Broadway in Cincinnati’s “Ain’t Too Proud: The Life and Times of the Temptations” is Slick and Soulful
Review by Nathan Top
Compelling storytelling combined with 31 Motown tunes make one of Broadway’s newest musicals, Ain’t Too Proud: The Life and Times of the Temptations, the most slick and soulful show of the spring season.
A collage of the early years of the Temptations, Ain’t Too Proud focuses on Detroit native and narrator Otis Williams, who would become the founder of the number one R&B vocal group of all time. Otis tells of the early generations of the group, his attempts to assemble (and reassemble) the lineup of talented and strong personalities, and the sacrifices he makes along the way to achieve his goal. With a book by the Tony-nominated Genius Grant recipient Dominique Morrisseau, and score of songs from the legendary motown catalog, Ain’t Too Proud is musically nostalgic and stylistically contemporary.
Director Des McAnuff has created a show immensely centered on the audience experience. Unlike other musically biographical stories, which usually end up slowing down and becoming about the music or drug addiction, Ain’t Too Proud is fast, fun, and occasionally heartbreaking, focusing on the story with the music as a secondary element rather than the main course. That being said, the musical numbers are effervescent, with songs arranged by Kenny Seymour and orchestrated by Harold Wheeler. Combined with Sergio Trujillio’s Tony award winning choreography, the show transforms into communal experience for the audience, like a worship service and concert rolled into one.
Scenic designer Robert Brill’s set is sophisticated, seamless, and, when combined with Howell Binkley’s lighting design, visually tells the story of the Temptations just as much as the actors and music. Musical conductor Darryl G. Ivey directs a pit of touring and local musicians through a marathon of a score, matching the energy of an exhaustless cast.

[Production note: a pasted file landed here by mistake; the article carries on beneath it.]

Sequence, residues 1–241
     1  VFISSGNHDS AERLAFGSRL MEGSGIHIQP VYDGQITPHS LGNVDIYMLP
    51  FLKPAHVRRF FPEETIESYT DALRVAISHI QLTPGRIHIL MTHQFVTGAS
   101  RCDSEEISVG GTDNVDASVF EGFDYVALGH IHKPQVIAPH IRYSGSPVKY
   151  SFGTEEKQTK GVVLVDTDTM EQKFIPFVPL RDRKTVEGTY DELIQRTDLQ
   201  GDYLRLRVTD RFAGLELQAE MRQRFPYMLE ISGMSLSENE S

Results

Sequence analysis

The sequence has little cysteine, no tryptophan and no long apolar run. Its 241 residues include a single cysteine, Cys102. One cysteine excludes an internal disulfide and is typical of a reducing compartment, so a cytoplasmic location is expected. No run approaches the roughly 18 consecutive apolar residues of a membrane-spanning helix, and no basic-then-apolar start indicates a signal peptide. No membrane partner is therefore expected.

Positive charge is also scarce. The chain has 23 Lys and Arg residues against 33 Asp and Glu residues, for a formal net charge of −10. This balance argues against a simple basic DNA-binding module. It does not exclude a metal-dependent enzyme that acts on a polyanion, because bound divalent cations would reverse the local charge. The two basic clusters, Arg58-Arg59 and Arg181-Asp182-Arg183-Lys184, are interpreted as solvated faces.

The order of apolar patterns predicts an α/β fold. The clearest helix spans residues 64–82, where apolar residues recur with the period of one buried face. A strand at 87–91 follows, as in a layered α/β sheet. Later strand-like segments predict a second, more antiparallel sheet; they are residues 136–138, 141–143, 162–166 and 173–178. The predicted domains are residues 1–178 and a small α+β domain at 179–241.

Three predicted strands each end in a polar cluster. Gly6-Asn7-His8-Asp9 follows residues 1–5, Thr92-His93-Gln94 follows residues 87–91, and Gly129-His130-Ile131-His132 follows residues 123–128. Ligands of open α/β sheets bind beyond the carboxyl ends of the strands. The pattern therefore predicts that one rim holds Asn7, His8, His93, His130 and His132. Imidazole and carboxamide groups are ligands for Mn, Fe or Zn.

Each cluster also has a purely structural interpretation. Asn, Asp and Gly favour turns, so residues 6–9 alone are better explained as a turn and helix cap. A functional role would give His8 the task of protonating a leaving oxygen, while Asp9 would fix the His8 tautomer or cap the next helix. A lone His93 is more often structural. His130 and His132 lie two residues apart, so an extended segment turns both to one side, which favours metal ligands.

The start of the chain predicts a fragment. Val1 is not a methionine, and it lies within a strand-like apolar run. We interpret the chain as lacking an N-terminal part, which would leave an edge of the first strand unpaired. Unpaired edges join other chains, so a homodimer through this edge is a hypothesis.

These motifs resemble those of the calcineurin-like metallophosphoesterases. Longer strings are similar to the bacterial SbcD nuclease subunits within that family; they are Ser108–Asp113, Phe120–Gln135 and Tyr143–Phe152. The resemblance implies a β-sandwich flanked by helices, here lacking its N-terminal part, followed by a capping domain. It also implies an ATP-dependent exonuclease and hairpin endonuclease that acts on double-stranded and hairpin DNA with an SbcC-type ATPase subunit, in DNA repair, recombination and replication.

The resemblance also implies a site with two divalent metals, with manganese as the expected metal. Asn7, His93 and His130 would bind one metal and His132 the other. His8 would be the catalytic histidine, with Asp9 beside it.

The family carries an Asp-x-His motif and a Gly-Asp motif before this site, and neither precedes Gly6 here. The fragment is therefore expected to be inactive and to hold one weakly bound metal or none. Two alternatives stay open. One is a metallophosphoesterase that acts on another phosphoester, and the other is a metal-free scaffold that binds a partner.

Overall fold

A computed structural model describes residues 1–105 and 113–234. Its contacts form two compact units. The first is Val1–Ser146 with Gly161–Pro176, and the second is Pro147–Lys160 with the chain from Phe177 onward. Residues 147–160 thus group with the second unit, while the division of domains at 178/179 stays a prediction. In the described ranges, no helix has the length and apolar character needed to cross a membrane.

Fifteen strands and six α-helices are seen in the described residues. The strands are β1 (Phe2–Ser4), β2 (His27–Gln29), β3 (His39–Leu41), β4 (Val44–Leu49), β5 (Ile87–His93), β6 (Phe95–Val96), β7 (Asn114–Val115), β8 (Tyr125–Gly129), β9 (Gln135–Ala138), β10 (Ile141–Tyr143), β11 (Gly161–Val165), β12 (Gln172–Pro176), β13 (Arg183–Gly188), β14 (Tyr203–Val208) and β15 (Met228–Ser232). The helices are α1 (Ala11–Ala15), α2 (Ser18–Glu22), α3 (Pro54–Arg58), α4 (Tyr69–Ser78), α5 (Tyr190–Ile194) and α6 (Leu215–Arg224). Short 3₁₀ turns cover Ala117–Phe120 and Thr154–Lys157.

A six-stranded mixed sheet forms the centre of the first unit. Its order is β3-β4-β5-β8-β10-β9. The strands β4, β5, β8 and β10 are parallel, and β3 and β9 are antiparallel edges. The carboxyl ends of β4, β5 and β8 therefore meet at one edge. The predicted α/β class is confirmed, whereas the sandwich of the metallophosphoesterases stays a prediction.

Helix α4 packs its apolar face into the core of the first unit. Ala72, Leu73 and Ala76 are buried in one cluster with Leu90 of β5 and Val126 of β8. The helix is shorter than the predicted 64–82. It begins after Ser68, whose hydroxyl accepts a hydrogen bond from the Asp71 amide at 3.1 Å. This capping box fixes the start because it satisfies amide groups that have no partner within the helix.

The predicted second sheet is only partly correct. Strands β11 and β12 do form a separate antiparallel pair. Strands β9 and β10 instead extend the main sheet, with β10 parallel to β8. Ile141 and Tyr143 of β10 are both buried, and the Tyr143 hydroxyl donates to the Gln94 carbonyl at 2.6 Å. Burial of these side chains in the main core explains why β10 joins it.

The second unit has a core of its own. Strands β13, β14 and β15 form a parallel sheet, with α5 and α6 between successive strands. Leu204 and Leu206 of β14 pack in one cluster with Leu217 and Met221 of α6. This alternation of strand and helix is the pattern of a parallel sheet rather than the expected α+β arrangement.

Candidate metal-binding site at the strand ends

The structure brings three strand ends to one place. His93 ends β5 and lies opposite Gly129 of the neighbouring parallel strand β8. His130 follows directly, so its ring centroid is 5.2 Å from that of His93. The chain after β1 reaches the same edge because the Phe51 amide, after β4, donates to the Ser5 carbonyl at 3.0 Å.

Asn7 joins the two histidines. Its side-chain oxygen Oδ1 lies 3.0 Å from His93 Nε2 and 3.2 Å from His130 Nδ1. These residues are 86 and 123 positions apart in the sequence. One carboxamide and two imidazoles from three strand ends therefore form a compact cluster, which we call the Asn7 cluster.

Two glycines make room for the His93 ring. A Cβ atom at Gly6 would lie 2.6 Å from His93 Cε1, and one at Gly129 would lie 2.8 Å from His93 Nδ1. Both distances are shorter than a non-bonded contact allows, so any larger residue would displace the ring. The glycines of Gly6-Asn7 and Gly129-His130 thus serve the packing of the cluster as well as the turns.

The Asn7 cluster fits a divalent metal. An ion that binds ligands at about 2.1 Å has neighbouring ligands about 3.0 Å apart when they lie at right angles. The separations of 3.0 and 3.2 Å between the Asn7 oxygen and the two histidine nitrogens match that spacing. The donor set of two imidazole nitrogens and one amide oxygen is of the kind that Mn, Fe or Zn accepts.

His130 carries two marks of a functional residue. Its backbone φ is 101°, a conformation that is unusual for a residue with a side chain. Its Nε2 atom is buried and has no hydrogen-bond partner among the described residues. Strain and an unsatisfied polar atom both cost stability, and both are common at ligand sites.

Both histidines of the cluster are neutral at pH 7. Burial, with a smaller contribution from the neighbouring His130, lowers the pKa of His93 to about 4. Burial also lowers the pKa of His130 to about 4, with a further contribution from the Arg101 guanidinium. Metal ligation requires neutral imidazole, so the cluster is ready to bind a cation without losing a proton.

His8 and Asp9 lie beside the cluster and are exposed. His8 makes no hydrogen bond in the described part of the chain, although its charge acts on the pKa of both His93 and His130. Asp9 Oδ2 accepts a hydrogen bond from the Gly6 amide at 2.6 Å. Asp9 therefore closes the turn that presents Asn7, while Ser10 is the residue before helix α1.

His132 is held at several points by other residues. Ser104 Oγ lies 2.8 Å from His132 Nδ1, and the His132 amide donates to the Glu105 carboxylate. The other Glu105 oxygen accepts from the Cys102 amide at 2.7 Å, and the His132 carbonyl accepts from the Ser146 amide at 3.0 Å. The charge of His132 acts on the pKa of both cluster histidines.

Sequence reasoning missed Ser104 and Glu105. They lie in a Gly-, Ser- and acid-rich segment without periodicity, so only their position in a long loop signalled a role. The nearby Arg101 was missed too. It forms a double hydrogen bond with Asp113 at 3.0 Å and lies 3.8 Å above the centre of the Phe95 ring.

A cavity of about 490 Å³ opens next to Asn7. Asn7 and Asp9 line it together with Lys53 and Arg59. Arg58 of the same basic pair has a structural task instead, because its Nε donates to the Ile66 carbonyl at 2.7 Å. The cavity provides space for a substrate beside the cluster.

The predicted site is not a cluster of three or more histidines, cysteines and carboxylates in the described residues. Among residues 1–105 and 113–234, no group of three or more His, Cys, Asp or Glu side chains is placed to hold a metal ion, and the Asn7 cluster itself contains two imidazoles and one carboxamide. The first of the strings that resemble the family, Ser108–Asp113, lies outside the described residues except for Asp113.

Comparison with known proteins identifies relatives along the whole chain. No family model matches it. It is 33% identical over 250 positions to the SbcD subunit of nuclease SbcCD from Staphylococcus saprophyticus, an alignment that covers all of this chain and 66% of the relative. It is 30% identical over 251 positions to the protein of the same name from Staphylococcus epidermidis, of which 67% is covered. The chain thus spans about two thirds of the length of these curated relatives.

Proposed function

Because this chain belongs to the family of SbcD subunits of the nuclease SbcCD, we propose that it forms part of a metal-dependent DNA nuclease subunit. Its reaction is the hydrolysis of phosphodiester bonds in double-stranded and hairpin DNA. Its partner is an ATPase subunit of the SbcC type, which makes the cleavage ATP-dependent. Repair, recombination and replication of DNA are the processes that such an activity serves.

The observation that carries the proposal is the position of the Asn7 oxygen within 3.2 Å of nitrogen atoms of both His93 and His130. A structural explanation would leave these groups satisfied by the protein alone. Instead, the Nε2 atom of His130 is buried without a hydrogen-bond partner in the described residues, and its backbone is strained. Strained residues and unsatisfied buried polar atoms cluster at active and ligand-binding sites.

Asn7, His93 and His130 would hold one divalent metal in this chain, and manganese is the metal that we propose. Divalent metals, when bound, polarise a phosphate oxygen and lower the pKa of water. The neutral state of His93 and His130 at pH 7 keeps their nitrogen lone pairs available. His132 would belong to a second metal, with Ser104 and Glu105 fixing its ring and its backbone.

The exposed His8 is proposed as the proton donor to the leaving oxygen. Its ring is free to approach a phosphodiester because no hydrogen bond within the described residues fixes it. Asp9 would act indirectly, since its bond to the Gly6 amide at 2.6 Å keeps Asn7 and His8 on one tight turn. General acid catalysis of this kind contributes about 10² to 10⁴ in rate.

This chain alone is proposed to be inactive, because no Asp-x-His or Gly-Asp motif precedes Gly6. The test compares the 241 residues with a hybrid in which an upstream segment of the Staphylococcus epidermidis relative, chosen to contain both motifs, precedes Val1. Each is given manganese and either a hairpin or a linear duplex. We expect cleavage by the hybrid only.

For as many characters as the show introduces, the cast is amazingly economic. Marcus Paul James as Otis Williams is engaging and impressive, jumping between dance numbers, monologues and dramatic scenes opposite Najah Hetsberger as Josephine. Elijah Ahmad Lewis is incredible in the vocally athletic role of the chaotic talent David Ruffin while Jalen Harris as Eddie Kendricks devours soulful ballads like breakfast cereal through most of the show. Harrell Holmes Jr. as the vocal bass Melvin Franklin and James T. Lane as Paul Williams shares several heart-tugging moments with Marcus James during the latter half of the show. The rest of the cast is incredible as well, tirelessly singing, dancing, changing costumes, and acting their hearts out in one of the most athletic shows I have seen in recent history.
Ain’t Too Proud: The Life and Times of the Temptations runs two and a half hours (including intermission) but flies by in a breathtaking sweep of story, song, and soul. Running now through March 27th, tickets can be purchased here.
Nathan Top is a Cincinnati-based playwright and musician. Nathan works as a freelance trumpeter and pianist, performing in big bands, pit orchestras, and pop groups throughout the area.